(2) This paragraph is in square brackets due to (i) financial implications, and (ii) a lack of consensus from the meeting on the need for the ad-hoc technical expert group and its mandate.

In the paper on new and emerging issues (L.14), the decision2:

Invites parties, other governments and relevant organizations to submit information on synthetic biotechnology and geoengineering in accordance with the procedure of decision 9-29, for consideration of SBSTTA, while applying the precautionary approach on field releases of synthetic life, cells or genomes into the environment.

Last week, the SBSTTA adopted the following text on geoengineering3:

(w) [Ensure, in line and consistent with decision IX/16 C, on ocean fertilization and biodiversity and climate change, and in accordance with the precautionary approach, that no climate-related geo-engineering activities take place until there is an adequate scientific basis on which to justify such activities and appropriate consideration of the associated risks for the environment and biodiversity and associated social, economic and cultural impacts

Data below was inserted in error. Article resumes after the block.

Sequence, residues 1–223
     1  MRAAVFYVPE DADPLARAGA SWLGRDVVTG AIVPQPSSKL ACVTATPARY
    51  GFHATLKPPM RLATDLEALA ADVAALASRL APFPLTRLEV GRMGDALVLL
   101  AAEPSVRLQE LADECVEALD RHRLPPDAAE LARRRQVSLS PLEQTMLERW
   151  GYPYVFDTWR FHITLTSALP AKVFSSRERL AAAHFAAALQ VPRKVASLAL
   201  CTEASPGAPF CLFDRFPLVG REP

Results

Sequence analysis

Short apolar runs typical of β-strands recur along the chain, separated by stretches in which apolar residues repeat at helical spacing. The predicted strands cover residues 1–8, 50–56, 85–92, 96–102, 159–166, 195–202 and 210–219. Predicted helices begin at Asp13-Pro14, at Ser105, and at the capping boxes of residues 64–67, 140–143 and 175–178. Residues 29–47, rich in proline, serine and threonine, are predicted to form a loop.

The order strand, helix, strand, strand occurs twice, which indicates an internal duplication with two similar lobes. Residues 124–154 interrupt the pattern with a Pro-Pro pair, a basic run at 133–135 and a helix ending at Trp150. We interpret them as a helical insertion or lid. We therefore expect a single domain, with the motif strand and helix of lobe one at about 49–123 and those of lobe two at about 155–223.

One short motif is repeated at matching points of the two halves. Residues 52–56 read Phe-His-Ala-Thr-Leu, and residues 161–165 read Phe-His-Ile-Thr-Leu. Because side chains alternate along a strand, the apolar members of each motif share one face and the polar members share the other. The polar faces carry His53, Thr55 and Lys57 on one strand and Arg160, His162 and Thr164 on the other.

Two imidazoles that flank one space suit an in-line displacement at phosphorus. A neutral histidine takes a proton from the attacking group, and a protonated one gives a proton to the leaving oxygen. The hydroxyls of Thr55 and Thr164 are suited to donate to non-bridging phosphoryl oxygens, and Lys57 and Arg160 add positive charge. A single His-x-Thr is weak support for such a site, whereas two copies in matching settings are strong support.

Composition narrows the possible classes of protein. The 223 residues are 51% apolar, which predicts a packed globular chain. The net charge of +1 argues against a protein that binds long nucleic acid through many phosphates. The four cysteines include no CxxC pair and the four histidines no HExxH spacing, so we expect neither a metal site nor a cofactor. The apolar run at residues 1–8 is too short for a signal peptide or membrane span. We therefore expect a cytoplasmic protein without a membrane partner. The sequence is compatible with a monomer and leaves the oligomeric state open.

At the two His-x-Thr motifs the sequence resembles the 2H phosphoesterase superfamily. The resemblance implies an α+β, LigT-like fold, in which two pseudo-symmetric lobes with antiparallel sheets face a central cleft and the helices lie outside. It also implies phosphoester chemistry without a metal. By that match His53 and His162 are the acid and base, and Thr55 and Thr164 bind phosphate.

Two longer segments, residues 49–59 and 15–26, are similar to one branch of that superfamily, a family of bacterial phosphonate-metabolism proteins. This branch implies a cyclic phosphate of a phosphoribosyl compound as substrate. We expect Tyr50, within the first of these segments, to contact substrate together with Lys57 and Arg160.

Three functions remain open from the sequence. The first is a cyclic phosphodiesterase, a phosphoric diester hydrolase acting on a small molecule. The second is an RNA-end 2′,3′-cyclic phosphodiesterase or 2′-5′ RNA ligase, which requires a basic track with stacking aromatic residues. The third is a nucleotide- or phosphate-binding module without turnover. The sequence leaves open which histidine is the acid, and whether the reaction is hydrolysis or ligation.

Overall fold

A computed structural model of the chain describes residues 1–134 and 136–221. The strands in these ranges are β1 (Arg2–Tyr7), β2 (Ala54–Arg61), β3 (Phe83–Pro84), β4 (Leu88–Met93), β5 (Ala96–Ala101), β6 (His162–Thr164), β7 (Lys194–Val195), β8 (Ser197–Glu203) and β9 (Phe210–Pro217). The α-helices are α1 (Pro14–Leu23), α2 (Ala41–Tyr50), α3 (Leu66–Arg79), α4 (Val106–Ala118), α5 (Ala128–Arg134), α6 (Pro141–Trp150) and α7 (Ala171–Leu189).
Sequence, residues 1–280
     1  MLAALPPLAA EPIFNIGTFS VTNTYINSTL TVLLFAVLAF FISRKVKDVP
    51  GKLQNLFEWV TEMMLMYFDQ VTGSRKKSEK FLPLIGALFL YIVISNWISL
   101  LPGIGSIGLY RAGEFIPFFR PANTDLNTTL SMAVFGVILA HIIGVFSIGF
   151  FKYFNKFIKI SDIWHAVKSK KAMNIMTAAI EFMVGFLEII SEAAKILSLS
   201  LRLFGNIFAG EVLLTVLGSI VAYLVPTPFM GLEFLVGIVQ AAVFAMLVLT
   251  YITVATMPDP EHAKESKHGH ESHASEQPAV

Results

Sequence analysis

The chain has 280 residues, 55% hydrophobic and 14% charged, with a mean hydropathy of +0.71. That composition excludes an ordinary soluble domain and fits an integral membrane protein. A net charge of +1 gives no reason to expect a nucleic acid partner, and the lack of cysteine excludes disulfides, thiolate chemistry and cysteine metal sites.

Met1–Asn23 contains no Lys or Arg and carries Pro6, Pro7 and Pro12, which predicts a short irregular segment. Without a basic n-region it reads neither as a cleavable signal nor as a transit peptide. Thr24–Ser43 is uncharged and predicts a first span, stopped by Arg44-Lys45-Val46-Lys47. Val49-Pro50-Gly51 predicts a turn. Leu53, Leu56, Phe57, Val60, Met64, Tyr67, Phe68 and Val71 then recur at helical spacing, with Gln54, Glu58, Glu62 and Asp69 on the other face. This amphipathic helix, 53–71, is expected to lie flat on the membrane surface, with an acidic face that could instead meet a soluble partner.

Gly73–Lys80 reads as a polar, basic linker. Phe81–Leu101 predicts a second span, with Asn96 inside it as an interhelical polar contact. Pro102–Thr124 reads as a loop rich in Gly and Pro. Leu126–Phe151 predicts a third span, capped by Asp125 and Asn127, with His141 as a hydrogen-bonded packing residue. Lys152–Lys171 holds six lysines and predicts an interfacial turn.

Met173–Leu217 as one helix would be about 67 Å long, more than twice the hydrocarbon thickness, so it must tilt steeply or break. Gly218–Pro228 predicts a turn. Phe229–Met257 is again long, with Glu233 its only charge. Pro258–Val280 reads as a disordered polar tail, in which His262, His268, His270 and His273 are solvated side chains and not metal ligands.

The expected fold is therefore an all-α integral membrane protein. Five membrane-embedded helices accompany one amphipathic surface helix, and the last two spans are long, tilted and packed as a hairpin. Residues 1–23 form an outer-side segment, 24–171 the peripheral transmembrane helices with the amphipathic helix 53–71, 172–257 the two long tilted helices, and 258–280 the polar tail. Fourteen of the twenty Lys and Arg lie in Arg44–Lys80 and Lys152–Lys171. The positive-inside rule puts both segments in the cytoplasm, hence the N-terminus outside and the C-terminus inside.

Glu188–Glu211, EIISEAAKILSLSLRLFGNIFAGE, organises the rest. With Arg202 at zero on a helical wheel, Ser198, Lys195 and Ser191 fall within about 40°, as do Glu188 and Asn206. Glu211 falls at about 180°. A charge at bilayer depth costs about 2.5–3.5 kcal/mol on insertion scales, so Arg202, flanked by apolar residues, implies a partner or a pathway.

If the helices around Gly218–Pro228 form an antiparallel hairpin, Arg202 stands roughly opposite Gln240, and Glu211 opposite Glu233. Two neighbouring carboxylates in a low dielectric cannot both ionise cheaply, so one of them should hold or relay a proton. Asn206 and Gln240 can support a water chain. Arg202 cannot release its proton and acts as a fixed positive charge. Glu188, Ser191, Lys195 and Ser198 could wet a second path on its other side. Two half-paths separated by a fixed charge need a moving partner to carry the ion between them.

The challenges ahead

The startling developments in Nairobi (and Washington) suggest that there will be a heated battle as governments and civil society groups from around the world prepare for the CBD COP in October. The organizations working now in Nairobi, including Ecoropa, Econexus, the Gaia Foundation, ETC Group and many others will be preparing for that fight, ensure that high-risk technological fixes that are commercially driven and have potentially devastating impacts on the peoples and ecosystems in the global South are stopped and that proper international rules, bases on the precautionary principle, are put in place.